The Code applies to all journalists and their editors. The Code requires disclosure of shareholdings about which journalists are writing to editors or financial editors. Best practice on most publications requires editors to report their own interests to managing directors or publishers: this is most practically done by means of an internal register.
The Code uses this terminology – rather than specifying different types of holdings – because what might be insignificant for one person might be very significant for another. Best practice on many publications will mean the disclosure of "any" financial interest, however small. It will usually mean a direct financial interest – although there may be occasions when journalists will need to declare an indirect financial interest, such as in a unit trust, where they are writing about it in a manner which might affect its performance. However, it might be worth noting that the Investment Recommendation Regulations define a 'significant financial interest' as including a "holding exceeding £3000 of the total issued share capital in the issuer of the shares in question". They also suggest that a publication should disclose if its company has a holding of 5% or more in an organisation whose shares they are recommending.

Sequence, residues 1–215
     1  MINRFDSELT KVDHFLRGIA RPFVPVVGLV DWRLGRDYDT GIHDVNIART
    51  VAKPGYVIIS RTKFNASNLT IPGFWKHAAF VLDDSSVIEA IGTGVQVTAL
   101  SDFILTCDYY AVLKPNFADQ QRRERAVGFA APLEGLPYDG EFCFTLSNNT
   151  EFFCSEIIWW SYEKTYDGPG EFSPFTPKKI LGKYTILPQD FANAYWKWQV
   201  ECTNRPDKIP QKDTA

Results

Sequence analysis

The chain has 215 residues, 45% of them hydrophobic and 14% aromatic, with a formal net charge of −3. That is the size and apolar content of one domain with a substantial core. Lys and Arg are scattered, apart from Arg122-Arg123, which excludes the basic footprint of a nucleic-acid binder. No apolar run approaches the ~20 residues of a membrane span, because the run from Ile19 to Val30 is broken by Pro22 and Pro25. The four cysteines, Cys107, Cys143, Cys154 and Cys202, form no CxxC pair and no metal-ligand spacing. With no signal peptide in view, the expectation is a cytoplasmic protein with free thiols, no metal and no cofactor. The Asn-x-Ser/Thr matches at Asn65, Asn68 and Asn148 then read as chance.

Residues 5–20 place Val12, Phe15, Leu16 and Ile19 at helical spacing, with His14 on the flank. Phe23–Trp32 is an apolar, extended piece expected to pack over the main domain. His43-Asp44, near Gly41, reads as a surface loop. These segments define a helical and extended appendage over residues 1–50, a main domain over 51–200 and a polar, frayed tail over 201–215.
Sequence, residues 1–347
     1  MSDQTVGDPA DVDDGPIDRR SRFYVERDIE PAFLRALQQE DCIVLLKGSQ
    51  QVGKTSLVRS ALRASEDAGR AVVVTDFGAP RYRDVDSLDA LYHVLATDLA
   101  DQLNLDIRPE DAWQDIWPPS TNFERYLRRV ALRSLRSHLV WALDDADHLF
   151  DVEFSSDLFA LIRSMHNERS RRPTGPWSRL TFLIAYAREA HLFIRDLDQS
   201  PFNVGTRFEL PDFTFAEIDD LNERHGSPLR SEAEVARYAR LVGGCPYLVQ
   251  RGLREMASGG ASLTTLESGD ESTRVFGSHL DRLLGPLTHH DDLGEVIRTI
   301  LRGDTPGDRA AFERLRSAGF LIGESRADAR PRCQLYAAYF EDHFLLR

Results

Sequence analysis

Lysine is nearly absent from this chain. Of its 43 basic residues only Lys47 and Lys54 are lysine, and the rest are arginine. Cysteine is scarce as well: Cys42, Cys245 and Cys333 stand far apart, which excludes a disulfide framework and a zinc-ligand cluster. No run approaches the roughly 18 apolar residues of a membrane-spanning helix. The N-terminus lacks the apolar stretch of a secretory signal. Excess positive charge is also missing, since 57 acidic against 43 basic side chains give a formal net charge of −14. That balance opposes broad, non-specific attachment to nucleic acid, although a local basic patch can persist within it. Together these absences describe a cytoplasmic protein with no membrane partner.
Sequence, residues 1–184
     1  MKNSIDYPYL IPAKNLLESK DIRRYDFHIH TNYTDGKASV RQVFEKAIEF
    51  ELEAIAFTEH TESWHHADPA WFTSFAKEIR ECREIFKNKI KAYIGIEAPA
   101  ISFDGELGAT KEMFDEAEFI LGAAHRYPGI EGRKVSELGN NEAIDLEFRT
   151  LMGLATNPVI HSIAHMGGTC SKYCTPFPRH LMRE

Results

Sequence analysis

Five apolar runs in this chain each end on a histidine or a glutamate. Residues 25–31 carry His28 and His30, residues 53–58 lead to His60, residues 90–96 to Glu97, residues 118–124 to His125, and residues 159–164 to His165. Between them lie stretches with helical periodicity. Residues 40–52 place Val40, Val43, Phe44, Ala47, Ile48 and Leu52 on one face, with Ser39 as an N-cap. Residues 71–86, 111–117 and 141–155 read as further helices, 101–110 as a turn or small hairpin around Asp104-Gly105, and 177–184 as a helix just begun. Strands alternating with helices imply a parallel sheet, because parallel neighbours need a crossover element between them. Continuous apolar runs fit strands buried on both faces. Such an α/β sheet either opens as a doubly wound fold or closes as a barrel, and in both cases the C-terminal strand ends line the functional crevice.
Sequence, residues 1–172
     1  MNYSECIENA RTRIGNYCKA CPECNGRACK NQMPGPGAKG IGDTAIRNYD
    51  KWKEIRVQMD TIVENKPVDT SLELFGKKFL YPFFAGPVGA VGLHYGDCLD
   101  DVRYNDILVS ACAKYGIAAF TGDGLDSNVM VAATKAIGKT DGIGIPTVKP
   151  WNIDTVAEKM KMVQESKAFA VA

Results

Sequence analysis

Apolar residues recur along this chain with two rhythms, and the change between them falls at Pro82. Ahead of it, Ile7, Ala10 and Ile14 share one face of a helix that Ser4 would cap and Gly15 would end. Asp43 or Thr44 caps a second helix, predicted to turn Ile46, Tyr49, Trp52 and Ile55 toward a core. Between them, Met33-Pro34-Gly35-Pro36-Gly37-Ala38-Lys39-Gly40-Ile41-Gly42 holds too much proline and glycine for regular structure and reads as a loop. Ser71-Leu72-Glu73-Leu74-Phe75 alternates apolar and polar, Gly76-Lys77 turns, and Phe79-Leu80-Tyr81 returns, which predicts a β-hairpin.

The vast majority of publications define "securities" not just as stocks and shares, but include derivatives, contracts for differences and financial spread bets as well. The PCC will interpret the term at its widest, to include any transaction where publication of material may have a potential impact on financial performance.